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Here is a program that compiles without warning on e.g. GNU C++:

$ g++ -o t -Wall -pedantic -Wshadow t.cpp

$ ./t.exe
Calling barney::barney()
Calling foo::operator()()
Calling barney::barney()

But it completely fails to compile on MSVC++:

$ cl /EHsc t.cpp
Microsoft (R) 32-bit C/C++ Optimizing Compiler Version 15.00.30729.01 for 80x86
Copyright (C) Microsoft Corporation.  All rights reserved.

t.cpp
t.cpp(17) : error C2380: type(s) preceding 'fred' (constructor with return type, or illegal redefinition of current class-name?)
t.cpp(17) : error C2208: 'fred' : no members defined using this type

What's more, when it does compile, the output is not what I'd expect. Can someone shed some light on what would be the required standard behaviour for this code?

Here it is:

#include <iostream>

using ::std::cerr;

struct fred;

struct foo {
   inline fred operator ()();
};

struct barney {
   barney() : v_(0) { cerr << "Calling barney::barney()\n"; }
   int v_;
};

struct fred : public barney {
   foo fred;
   int joe;
   struct fred memfunc() { return fred(); }
};

inline fred foo::operator ()()
{
   cerr << "Calling foo::operator()()\n"; return fred();
}

int main(int argc, const char *argv[])
{
   fred f;
   f.memfunc();
   return 0;
}

It outputs this:

Calling barney::barney()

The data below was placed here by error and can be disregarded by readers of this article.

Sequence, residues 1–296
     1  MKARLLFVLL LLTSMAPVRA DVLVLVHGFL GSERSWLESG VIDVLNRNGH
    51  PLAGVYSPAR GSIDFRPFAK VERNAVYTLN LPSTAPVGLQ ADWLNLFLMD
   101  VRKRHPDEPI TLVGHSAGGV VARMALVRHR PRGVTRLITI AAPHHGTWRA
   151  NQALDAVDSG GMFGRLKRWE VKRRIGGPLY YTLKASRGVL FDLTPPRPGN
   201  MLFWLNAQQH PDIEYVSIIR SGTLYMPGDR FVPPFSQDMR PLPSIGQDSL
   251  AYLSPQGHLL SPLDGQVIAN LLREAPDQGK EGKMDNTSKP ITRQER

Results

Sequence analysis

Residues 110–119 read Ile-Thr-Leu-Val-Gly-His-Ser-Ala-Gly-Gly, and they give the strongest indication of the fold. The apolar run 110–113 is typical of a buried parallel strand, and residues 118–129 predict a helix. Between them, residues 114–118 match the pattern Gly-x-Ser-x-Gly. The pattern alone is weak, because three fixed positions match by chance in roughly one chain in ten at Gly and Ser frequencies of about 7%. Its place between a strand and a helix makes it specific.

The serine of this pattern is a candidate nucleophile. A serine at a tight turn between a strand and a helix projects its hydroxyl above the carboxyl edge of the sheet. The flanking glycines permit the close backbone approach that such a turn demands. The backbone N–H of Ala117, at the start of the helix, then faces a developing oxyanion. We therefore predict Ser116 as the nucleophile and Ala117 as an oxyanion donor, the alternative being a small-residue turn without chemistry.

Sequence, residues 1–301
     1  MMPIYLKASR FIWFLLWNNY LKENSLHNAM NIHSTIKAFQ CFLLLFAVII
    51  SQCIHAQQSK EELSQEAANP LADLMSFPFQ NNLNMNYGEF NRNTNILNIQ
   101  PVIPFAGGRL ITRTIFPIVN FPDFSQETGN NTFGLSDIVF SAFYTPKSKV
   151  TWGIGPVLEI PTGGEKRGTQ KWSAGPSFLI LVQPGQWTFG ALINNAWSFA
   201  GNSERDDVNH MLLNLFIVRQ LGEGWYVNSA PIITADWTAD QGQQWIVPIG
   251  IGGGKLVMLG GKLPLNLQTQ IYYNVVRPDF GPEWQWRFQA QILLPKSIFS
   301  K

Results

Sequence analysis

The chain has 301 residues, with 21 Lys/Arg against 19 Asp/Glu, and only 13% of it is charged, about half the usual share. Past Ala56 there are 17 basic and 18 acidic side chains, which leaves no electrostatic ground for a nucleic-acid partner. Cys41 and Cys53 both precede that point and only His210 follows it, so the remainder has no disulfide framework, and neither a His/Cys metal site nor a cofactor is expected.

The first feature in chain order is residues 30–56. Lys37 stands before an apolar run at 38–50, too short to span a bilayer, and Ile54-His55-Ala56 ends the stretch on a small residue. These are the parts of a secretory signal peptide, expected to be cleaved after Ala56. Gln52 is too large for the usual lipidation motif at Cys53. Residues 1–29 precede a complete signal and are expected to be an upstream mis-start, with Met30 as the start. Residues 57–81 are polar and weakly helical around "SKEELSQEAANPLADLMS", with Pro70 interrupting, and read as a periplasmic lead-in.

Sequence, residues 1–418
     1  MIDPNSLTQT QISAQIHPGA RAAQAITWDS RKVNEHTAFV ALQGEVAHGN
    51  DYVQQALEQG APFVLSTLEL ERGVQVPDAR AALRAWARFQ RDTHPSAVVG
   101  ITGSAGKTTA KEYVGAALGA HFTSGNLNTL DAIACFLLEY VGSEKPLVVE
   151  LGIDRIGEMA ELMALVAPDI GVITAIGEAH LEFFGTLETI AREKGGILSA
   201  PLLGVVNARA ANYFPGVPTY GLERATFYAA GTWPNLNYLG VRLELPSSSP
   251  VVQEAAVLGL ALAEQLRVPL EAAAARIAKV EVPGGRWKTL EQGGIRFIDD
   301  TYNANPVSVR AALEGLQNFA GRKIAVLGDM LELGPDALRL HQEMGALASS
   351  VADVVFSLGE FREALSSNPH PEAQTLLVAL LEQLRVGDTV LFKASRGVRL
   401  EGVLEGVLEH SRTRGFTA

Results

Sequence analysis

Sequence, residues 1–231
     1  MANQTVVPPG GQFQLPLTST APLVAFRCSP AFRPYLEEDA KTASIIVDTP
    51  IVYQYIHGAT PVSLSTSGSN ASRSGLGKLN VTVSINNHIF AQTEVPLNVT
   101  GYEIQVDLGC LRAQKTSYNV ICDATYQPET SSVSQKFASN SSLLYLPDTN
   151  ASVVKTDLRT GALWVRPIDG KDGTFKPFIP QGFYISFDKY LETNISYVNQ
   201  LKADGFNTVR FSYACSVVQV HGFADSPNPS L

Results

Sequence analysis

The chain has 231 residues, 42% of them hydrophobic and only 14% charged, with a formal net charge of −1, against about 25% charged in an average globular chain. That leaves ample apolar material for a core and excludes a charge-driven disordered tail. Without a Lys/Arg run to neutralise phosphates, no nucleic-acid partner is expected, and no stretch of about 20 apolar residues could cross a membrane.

Calling foo::operator()()
Calling barney::barney()

But I would expect this:

Calling barney::barney()
Calling barney::barney()

Why do I get the output I do? Is this standard behavior? If it is, why, which sections of the standard are relevant?

In addition to the accepted answer, David Rodriguez gave an excellent answer detailing where it says in the standard that I'm allowed to declare the member named fred of struct fred.

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1  
Don't use same names for variables and classes and your life will become easier. Common convention is to name classes with upper-case. In your code fred is both a class name and a member name. Use different names and you won't have to think what compiler will choose. –  Tadeusz Kopec Apr 29 '11 at 8:34
1  
Obviously this is standard behaviour. Why do you want to discuss it? Maybe we can discuss next time: why is a + b * c evaluated as a + (b*c), not (a+b) * c? Same situation, really –  sehe Apr 29 '11 at 8:36
    
@sehe: But why does it pick the member variable name over the type name? It seems really ambiguous to me, like it should generate an error. –  Omnifarious Apr 29 '11 at 8:38
    
@sehe, it may be obvious to you, but not to the OP, hence the question... –  Nim Apr 29 '11 at 8:38
1  
@sehe: I know I can answer my own question. :-) I just like giving out puzzles, and this was quite an interesting interaction between a little known part of the standard and name lookup rules. And thank you for updating the question. I don't have Visual C++ around myself. I knew it would fail from a different question I saw. –  Omnifarious Apr 29 '11 at 9:06

4 Answers 4

up vote 5 down vote accepted

Because in the fred structure you have a member fred (of type foo) which shadows the definition of struct fred. When you then do:

return fred();

... the fred refers to the object of type foo rather than the fred struct type, and so the foo () operator is called.